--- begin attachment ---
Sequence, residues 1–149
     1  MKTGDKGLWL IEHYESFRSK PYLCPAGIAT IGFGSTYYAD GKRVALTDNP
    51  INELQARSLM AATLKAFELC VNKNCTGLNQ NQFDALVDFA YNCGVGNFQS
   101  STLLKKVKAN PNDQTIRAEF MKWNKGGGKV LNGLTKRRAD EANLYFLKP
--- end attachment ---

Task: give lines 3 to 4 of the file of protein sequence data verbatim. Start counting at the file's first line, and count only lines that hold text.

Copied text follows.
    51  INELQARSLM AATLKAFELC VNKNCTGLNQ NQFDALVDFA YNCGVGNFQS
   101  STLLKKVKAN PNDQTIRAEF MKWNKGGGKV LNGLTKRRAD EANLYFLKP